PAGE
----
• Requiring security and monitoring software that can detect rapid file encryption, even on employee-owned devices used for work
  • Making sure all operating systems used on devices are fully patched and up to date
  • Whitelisting apps
  • Implementing analytics that rapidly detect and block threats

Threats from phishing emails and malware, such as ransomware, worms, and bots, are a constant threat. Proactive measures must be taken to prevent existing and emerging threats, not just on your network and servers but at every point of access as well as through employee training and consistent reinforcement.

As cybersecurity remains a top concern for business leaders in every industry, taking the necessary steps to protect your organization becomes a high priority. Minimizing your risk is easier when you partner with a trusted managed IT service provider who partners with your organization, understands your needs, and provides customized solutions to ensure that you have the protection you need. thinkCSC is committed to helping you find the most economical solutions to meet their needs. For more information, contact us today.

Avoid Devastating Security Breaches with Sender Policy Framework

By | Communication Security

at-99378_960_720Over the last year we’ve seen a significant increase in the volume of “spoofed” email, where the sender of the email appears to be internal to the company, attempting to trick the recipient into initiating an action that appears to be legitimately requested, such as a wire transfer or the opening of an attachment that enables ransomware. These emails can be very deceptive. Often, company executives are impersonated, and emails are sent to people within the organization who would typically be involved in such transactions. While there is no foolproof way of stopping these messages – and the best line of defense, of course, is a well-trained staff who reacts with caution before opening attachments or sending money – we do recommend implementing Sender Policy Framework (SPF) technology to help prevent the spoofed emails from even reaching their destinations.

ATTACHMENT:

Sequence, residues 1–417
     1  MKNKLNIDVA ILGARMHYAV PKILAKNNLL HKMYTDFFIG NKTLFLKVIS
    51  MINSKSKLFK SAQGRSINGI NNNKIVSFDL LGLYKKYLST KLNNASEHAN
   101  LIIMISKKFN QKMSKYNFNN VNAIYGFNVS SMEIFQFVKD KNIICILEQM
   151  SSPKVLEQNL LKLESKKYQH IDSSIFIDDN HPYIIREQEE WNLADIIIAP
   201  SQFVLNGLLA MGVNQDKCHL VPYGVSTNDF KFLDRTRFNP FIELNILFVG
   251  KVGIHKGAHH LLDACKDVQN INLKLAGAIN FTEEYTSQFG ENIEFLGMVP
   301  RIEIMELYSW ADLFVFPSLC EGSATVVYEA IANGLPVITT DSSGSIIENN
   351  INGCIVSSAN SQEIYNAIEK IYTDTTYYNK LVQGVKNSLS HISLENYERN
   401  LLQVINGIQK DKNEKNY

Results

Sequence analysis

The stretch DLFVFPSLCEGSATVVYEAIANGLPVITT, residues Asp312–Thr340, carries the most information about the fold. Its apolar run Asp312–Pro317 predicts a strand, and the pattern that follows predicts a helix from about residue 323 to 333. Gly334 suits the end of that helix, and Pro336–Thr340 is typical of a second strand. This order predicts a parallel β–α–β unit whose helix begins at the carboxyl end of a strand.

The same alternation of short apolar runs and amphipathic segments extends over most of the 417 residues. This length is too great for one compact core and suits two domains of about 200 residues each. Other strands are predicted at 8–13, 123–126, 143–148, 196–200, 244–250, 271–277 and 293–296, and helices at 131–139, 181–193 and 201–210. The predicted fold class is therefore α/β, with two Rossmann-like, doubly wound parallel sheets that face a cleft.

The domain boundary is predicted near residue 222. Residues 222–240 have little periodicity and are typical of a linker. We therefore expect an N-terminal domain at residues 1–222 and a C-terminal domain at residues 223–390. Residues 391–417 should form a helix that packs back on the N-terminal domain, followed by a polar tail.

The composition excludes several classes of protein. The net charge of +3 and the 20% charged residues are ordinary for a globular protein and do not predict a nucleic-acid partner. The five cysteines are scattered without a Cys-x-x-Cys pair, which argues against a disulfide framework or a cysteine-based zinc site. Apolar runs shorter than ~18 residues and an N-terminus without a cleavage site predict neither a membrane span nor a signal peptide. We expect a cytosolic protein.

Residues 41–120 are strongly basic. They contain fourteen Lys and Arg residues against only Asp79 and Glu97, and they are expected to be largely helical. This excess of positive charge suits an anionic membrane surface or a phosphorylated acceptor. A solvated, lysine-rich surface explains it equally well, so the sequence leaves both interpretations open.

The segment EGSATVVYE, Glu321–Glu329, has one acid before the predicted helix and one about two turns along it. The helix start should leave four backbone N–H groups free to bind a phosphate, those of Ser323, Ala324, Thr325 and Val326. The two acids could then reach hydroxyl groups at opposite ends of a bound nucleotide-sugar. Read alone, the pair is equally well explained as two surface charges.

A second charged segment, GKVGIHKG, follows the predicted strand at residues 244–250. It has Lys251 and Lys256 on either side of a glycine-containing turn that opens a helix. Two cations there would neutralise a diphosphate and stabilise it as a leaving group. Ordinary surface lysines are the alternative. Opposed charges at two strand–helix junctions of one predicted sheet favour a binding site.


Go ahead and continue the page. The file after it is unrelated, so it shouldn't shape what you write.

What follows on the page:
Sender Policy Framework 

Sender Policy Framework is a technology used to establish approved email systems for a domain. To implement SPF, thinkCSC creates a special DNS record that identifies which servers are allowed to send email for your domain. This record is then read by supported mail systems and processed according to their configured policies. In other words, we create a special code that tells the email provider which messages are legitimate email, allowing the provider to better detect spoof messages and mark them as spam. Most major mail providers now factor SPF evaluation into their overall scoring mechanism for determining whether a message should be delivered or marked as spam, and some mail providers will automatically junk messages that fail an SPF evaluation. While this technique does not ensure that spoofed message will always be considered spam, it does increase the likelihood considerably.

In order to successfully implement an SPF record, it’s critical to identify all of the mail servers and third-party services that could be used to send email on behalf of a domain, including the email provider, company websites, relays, third-party SaaS tools (like CRM), and marketing software that sends emails on behalf of the organization. Once these are identified, thinkCSC will create the DNS record, test and validate email flow from known senders, and update the SPF record as needed.

If you have been the victim of phishing emails or would like to learn how to protect your organization from sender address forgeries, contact thinkCSC for more information.